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Dropped balls: The St. Louis Rams WRs and dropped passes in 2010

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The St. Louis Rams are in the midst of installing a new offense through informal practices at Lindenwood today. QB Sam Bradford, leading the efforts, called the offense "more explosive" which should be music to the ears of weary Rams fans who watched the team dink and dunk its way to a still surprising 7-9 record last year. I need some segue into a bit about dropped passes. It's just not coming to me, so you get a straight forward approach. Or wait, one thing the receivers will have the chance to work on is catching the ball. Eh, let's just get on with it. 

Drops are a funny thing. All receivers do it, the problem arises around it for two reasons: 1) it happens consistently and/or 2) it happens at a memorable time, like a third down conversion. Recently, Pro Football Focus took a look at the receivers most prone to drops, and those with the lowest drop percentage, for players with at least 50 "catchable" passes, defined as catches plus drops. Nobody from the Rams 2010 group of receivers made that list. Some because of the narrowing qualifications; only Danny Amendola and Brandon Gibson qualified. 

Still, with data from Stats, Inc. we can look at drops among Rams receivers from last year. Shall we?

Data listed with each receiver includes: targets/receptions, catch percentage, drops and drop rate (drops/catchable passes).

Danario Alexander
37 targets, 20 receptions, 54.1 catch rate and 2 drops, 9.1 percent drop rate

Danny Amendola
123/85, 69.1 percent catch rate, 8 drops, 8.6 percent drop rate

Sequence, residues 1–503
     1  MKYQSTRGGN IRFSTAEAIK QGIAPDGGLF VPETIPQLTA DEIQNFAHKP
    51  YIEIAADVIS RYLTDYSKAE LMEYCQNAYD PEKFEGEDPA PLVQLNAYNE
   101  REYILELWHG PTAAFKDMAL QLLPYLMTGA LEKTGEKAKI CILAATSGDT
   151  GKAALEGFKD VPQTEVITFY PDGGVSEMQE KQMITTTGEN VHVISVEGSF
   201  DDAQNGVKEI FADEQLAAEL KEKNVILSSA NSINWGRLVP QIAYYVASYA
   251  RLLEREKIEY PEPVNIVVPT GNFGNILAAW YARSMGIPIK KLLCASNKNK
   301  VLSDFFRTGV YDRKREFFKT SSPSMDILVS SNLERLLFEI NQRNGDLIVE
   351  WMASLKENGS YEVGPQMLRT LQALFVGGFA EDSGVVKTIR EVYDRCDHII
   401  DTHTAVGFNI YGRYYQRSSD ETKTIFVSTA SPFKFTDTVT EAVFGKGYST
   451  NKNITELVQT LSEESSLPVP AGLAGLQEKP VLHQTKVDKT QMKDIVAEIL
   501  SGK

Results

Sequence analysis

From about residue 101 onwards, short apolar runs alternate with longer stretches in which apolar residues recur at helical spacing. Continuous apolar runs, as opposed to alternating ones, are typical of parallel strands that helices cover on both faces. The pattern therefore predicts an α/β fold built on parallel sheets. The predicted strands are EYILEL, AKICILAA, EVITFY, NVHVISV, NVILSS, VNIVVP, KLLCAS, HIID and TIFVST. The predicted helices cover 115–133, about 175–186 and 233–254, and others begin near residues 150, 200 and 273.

Mark Clayton
42/23, 54.8 percent catch rate, 2 drops, 8 percent drop rate

Brandon Gibson
91/53, 58.2 percent catch rate, 8 drops, 13.1 percent drop rate

Mardy Gilyard
16/6, 37.5 percent catch rate, 0 drops

Laurent Robinson
75/34, 45.3 percent catch rate, 3 drops, 8.1 percent drop rate

You can see the issue with drops and drop rates as the lone tool for judging receivers. The collective unconscious of Rams nation would never have pegged Amendola to a drop rate of almost 9 percent, nor Robinson to one under 10 percent. Drops count for frequency and timing. 

Gibson's drop rate qualifies him for the bottom 15 on PFF's list, and I'm not sure why his name isn't among those listed. You'll notice that list includes some marquee names too. 

To me, catch rate is a more useful stat, but even that doesn't tell the full story. The Rams receivers struggled to get separation all year, making it impossible to throw to them or guaranteeing that passes thrown their way would automatically be incomplete. That's not reflected directly in the stats (to some extent in catch rate it is). This is where the two new rookie receivers should pay dividends for the Rams, their ability to catch the ball while being covered. Only Danny Amendola could consistently do that last year. 

I don't have the data for tight ends and running backs. 

Take the drop stats at face value. These are also just for a single year, which like a single game, can give you a different impression than the overall picture. You'll also notice among the names listed above that very few, except Clayton, have much NFL experience at all. Might that be another factor that limited the group last year? Of course, and that illustrates the point that receivers should be judged on a number of factors.